WP autism practice finds biz booming

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One year after opening in Williston Park to treat autistic children, the Kids Learning Loft has grown quickly in both clients and forms of therapy offered.

“Our practice has expanded 10-fold,” said Learning Loft co-director Jennifer Kourassanis-Velasquez. “We’re growing faster than we imagined.”

The Kids Learning Loft, located on the third floor of 436 Willis Ave., now maintains seven social skills groups of children meeting in hour-long therapy sessions on Saturday and Sunday. 

Each group is now at full capacity with four students, including what Learning Loft co-director Christine Saunier-Cinotti. Saunier-Cionotti describes as a “typical development” child functioning as a control.

The social skills classes allows the children to learn by taking turns playing with toys, making contact, understanding and recognizing social cues, answering and asking questions and expressing their feelings. A Breakfast Club class attempts to give the school-age autistic children social dining skills.

The children being treated range in age from five to 15 years old.

The speech therapy treatment provides “mechanical” instruction for kids who have trouble verbalizing as well as instruction on appropriate language to use in social settings. 

A new consulting director of speech and animal therapy, Priscilla Makhmaltchi, introduced her pet guinea pig Benny to the kids because Saunier-Cinotti said it has been shown that animals help autistic children cope with their emotional issues.

“They talk about what the animal likes to eat as opposed to what they like to eat. And they pet him and they hold him,” Saunier-Cinotti said.

“We always wanted to offer speech. The animal therapy is a bonus,” added Saunier-Cinotti.

Kids Learning Loft has also grown its one-on-one daily in-home therapy sessions with the assistance of insurance companies, which now cover applied behavior analysis, an approach that seeks to modify human behaviors as part of a learning or treatment process.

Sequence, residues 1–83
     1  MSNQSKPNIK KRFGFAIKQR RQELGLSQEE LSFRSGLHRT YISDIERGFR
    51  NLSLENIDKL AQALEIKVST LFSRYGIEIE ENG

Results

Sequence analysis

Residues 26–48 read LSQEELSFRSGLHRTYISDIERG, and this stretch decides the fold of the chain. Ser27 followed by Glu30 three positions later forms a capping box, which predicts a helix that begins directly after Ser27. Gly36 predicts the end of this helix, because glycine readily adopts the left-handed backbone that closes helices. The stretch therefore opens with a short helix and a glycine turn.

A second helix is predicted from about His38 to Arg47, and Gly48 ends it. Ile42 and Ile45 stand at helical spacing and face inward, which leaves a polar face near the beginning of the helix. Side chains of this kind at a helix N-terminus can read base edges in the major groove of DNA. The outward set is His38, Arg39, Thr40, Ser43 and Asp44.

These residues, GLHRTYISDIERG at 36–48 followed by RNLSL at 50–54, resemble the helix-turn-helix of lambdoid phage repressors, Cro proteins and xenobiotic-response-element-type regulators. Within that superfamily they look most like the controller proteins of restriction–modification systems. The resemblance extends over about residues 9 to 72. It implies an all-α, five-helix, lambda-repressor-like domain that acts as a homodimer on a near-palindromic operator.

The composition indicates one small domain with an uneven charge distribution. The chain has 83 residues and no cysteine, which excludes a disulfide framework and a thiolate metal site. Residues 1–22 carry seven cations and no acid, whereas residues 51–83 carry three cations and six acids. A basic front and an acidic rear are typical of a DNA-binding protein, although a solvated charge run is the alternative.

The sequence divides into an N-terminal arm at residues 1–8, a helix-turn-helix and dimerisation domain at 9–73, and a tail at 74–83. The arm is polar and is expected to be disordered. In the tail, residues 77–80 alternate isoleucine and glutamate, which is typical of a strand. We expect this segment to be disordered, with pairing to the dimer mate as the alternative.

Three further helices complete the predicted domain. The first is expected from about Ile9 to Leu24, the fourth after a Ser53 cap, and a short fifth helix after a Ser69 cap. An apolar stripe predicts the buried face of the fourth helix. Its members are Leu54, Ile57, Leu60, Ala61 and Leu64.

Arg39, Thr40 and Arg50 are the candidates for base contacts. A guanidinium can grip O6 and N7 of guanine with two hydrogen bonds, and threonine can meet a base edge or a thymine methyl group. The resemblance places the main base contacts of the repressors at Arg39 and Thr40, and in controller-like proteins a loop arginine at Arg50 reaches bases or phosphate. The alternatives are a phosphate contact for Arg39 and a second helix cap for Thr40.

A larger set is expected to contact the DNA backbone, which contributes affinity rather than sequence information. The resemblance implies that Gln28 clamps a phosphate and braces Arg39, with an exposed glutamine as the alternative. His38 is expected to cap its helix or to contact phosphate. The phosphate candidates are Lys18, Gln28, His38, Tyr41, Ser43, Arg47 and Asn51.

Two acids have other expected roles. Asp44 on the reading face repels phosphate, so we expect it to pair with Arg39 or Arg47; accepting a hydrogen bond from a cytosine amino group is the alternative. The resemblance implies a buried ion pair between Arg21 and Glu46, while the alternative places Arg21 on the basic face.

“Business in that respect has grown tremendously,” Kourassanis-Velasquez said.

The women say their next objective is to open an applied behavior analysis school in a separate location. They also hope to establish their own autism foundation. And they want to start to a program that teaches parents of autistic kids techniques to deal with them at home.

“We hope to start holding parent training workshops,” Kourassanis-Velasquez said.

With the change in insurance coverage for applied behavior analysis, the Learning Loft co-directors said they plan to revisit a relationship they’ve had with the Steven and Alexandra Cohen Children’s Medical Center in New Hyde Park for patient referrals. 

Kourassanis-Velasquez and Saunier-Cinotti said they made a presentation to staff members of the Cohen center on behavioral analysis shortly after opening their business last year.

The partners said they have already signed contracted with several school districts, including Syosset, Elmont, Franklin Square, Deer Park and Levittown to provide on-site treatment. 

Many of the children treated at Kids Learning Loft  or by therapists who work there are referred by schools in Herricks, New Hyde Park, Floral Park, Mineola and the Willistons, they said.

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